Report: Team Biden released illegal children infected with tuberculosis into 44 states

by WorldTribune Staff, July 19, 2023

Among the illegals streaming across Joe Biden’s open border are thousands of children who are infected with tuberculosis, a report said.

About 126,000 total unaccompanied minors were released into the U.S. in the past year, indicating a tuberculosis infection rate of 1 in 50 migrant children.

At least 2,500 children with tuberculosis have been released by Team Biden into 44 states over the past year, The Washington Times reported on July 18, citing a court-ordered report on how the Health and Human Services Department (HHS) is treating the infected children.

Team Biden insists it is not able to treat the children because they are in custody for a short time and treatment requires three to nine months.

The report said that HHS claims that it releases the infected children to sponsors and notifies local health authorities so they can arrange for treatment before the latent infection becomes active.

But local health officials say the notifications are rare and the child has often already arrived when health officials are told about a case in their jurisdiction.

“We do not know how often the sponsors follow through on treatment,” the Virginia Department of Health told The Washington Times in a statement. “By the time outreach takes place, the child has sometimes moved to another area or state.”

Dr. Paul Alexander noted in a July 18 analysis that there “if this surrounds latent infection then it is not same as ‘active’ deadly disease, highly infectious with symptoms, and spread.”

The problem, Alexander added, “is with latent infection and a declined immune system, the latent infection can become active disease e.g. if one has HIV etc. Then that prior non-lethal person is a threat to the society.”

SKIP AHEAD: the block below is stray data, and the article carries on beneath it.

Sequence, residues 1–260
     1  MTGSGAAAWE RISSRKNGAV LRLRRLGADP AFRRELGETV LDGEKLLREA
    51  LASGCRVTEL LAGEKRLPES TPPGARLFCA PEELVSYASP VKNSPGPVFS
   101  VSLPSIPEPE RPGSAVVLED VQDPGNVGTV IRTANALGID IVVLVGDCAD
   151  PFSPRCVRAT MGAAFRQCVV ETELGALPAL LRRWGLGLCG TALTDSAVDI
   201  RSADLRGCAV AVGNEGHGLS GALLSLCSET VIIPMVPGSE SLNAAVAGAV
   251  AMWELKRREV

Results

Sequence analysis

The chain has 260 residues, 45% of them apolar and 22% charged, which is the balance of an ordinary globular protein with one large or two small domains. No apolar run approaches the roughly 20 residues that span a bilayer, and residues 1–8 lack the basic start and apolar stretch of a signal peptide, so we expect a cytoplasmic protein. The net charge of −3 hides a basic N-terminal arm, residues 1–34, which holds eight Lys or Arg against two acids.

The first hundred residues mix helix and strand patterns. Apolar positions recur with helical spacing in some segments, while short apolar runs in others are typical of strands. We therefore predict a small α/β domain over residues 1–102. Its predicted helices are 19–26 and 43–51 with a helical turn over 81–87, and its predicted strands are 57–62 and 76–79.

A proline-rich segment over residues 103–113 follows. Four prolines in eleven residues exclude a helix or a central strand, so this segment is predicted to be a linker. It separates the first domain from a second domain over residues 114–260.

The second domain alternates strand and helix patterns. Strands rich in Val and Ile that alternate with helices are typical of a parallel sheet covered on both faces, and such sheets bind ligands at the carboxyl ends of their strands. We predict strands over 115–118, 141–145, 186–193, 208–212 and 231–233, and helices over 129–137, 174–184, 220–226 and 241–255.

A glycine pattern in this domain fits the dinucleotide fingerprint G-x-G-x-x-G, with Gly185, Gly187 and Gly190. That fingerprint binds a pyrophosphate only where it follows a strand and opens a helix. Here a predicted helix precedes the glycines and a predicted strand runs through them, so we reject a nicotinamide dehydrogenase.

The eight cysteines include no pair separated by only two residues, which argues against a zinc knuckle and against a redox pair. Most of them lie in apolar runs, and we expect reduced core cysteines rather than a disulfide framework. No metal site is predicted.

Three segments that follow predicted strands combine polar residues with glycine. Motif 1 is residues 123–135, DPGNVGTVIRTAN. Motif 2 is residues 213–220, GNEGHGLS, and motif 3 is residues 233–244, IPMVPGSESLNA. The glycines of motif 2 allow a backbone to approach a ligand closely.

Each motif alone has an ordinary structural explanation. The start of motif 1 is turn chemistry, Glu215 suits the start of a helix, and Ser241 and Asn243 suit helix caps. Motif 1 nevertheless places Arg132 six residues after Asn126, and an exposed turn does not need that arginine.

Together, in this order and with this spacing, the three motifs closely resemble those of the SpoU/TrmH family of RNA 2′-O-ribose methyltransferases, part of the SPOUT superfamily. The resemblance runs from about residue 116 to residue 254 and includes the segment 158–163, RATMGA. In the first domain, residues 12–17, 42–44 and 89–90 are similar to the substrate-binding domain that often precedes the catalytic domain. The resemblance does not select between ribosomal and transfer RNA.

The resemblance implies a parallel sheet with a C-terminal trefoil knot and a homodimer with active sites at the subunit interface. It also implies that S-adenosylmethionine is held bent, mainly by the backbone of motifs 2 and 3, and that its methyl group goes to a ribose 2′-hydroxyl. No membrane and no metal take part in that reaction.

Aurora Miranda-Maese, the monitor ordered by the court to keep tabs on how the government is treating children in its custody, identified tuberculosis as one challenge because the government wants to rush the children out of custody and authorities usually don’t feel they have the time to begin treatment.

“Minors are not routinely treated for [latent tuberculosis infection] while in [resettlement] care because the average length of stay is typically shorter than the time required to complete treatment, and because there could be negative effects from discontinuing … treatment before completion, such as developing drug-resistant TB,” Miranda-Maese wrote.

Washington Times reporter Stephen Dinan noted that tuberculosis “is another instance where illegal immigrants receive better treatment than those attempting to enter the U.S. legally. Those arriving as permanent legal immigrants are required to undergo screening beforehand, as are refugees. Those with active cases can be excluded from entry. Illegal immigrants who show up at the border are already in the country.”

Dinan pointed to the example of tens of thousands of illegal immigrants being welcomed and “paroled” into the U.S. through Homeland Security Secretary Alejandro Mayorkas’s policies which do not require a negative test for latent tuberculosis infection before arrival.

The illegals are told to be screened within 90 days of arrival.

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